By Sarah McKenna for The Island Eye News
A series of signs designed by students at Sullivan’s Island Elementary School have been placed along the high tide line and at beach access stations 13 and 16, in an effort to raise awareness to residents and beachgoers about the shoreline’s newest locals, a state threatened bird.
Shorebirds, in general, have declined heavily over the last 40 years – by 70% in North America. That is why projects designed to educate the island are so vital. Every nest counts, and a particular pair of Wilson’s Plovers have taken a liking to Sullivan’s Island.
Wilson’s Plovers have been found nesting and raising young on the island for the past two summers, so Audubon South Carolina, in partnership with the Town of Sullivan’s Island, worked with students at SIES to protect our feathered summer residents this year.
Wilson’s Plovers are extremely vulnerable to accidental human disturbances and the newly erected signs aim to educate beachgoers and encourage people to stay out of the area behind the signs.
These birds lay three eggs directly on the sand in small indentations called “scrapes.” Both the mother and father of the soon-to-be baby birds take turns sitting on eggs to shade them from the hot summer sun. Once the eggs hatch, parents also must shade the chicks while they grow their flight feathers and learn how to fend for themselves. When a predator or even a “perceived predator” – like a person or a dog – gets too close to a nest, the parents will hop off the nest and try to lure them away, leaving the well-camouflaged eggs exposed in the meantime. It only takes a minute or two for eggs to perish in the heat.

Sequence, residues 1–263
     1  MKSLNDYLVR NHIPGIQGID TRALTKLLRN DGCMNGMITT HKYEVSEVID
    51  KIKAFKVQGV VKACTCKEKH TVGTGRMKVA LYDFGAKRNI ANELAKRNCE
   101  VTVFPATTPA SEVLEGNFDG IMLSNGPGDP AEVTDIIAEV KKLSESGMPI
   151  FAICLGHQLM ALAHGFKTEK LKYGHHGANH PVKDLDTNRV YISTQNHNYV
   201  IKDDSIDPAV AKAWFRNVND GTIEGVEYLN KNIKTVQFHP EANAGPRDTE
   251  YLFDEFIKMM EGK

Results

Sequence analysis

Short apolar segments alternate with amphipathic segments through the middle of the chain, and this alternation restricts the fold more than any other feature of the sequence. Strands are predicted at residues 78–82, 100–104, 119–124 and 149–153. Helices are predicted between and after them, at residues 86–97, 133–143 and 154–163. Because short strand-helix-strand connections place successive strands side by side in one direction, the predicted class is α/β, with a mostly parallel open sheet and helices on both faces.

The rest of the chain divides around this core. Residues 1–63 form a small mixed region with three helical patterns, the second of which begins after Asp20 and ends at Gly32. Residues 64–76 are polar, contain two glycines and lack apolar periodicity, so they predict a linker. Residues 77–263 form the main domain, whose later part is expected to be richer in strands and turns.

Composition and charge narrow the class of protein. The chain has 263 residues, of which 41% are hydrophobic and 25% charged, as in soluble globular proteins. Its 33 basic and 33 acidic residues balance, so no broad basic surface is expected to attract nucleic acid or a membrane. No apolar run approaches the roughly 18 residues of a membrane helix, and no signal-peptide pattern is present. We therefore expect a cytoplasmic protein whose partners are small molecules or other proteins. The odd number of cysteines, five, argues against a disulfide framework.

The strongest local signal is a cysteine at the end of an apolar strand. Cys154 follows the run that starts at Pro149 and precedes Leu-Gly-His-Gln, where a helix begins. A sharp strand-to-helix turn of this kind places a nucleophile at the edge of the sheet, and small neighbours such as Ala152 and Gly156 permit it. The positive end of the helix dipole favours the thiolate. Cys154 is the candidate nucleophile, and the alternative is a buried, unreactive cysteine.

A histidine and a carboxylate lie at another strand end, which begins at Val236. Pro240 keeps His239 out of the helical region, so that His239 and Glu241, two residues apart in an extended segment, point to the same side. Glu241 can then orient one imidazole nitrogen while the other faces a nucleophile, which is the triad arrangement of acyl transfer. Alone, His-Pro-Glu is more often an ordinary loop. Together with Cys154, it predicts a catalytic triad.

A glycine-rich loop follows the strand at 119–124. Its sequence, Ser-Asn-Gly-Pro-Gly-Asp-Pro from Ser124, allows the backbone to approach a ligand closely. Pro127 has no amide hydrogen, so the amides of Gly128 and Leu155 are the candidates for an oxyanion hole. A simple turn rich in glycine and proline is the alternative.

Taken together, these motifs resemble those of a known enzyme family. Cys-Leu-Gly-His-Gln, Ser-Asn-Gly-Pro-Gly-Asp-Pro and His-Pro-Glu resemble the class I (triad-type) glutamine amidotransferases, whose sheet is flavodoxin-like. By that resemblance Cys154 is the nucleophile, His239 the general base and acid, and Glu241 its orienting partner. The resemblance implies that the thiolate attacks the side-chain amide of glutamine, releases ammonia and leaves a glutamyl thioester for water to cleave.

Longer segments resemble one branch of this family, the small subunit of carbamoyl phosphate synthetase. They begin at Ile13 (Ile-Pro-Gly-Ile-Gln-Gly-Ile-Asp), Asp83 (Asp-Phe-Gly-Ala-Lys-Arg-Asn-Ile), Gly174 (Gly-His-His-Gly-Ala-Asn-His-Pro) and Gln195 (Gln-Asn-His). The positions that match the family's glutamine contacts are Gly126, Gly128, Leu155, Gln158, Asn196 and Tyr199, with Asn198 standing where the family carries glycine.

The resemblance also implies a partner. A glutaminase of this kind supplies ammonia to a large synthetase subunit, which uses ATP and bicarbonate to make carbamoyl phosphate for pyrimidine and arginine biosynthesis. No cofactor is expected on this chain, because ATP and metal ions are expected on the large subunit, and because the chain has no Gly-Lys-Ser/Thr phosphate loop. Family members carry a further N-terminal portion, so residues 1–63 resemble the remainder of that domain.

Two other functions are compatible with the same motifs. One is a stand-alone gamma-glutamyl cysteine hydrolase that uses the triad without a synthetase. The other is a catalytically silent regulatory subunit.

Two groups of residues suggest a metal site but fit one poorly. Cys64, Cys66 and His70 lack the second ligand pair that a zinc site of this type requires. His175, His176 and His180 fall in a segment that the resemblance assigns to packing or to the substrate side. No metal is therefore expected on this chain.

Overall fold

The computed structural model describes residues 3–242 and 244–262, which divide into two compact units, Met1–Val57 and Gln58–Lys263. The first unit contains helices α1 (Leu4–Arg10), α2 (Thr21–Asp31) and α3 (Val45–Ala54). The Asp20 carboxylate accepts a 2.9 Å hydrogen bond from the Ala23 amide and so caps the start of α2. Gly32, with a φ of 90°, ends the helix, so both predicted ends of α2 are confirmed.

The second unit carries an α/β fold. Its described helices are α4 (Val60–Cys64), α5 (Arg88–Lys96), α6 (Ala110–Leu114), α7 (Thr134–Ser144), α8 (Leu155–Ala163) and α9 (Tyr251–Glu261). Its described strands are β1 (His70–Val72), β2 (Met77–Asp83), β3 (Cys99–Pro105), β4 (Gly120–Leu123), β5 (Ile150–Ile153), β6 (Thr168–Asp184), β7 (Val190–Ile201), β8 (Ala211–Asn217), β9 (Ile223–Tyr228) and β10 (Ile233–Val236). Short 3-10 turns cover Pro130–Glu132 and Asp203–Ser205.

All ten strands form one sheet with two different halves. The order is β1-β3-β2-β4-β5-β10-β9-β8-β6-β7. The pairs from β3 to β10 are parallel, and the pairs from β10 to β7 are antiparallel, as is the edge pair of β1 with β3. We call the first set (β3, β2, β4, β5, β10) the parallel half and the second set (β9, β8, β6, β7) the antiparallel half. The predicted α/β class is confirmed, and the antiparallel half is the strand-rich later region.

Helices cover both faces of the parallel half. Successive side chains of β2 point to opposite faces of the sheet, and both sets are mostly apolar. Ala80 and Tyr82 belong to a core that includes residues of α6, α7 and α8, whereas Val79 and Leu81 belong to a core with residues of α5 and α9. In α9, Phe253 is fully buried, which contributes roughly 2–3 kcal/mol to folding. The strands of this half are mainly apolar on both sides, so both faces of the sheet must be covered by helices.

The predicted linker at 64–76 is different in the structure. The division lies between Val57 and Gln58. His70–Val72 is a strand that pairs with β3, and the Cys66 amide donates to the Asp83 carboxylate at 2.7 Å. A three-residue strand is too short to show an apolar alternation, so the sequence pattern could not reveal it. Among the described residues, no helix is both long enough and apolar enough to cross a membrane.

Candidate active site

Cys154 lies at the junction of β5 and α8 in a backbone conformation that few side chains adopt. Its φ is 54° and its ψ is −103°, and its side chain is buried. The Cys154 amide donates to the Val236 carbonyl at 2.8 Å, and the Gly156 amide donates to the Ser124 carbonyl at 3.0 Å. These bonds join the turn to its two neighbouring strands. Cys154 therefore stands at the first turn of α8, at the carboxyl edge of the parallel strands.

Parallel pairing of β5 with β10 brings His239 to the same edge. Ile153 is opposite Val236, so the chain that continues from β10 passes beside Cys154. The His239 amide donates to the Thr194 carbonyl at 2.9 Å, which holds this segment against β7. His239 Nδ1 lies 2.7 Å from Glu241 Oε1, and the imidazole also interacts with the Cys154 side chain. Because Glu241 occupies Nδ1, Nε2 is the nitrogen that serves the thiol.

The posted area is where Wilson’s Plovers have attempted to nest in past years, and biologists say the habitat looks good again this year.
“There aren’t many beaches left where it is safe for shorebirds to nest,” says ASC’s Coastal Program Coordinator, Nolan Schillerstrom. “Shorebirds continue to use Sullivan’s Island despite the high number of people and dogs, and every couple of years are successful. We want to give these birds every fighting chance at raising healthy chicks.”
Signs will remain until the end of shorebird nesting season which usually ends sometime between late August and mid-September. Any questions about signage or this program can be directed to Nolan Schillerstrom at firstname.lastname@example.org or 843.459.2473.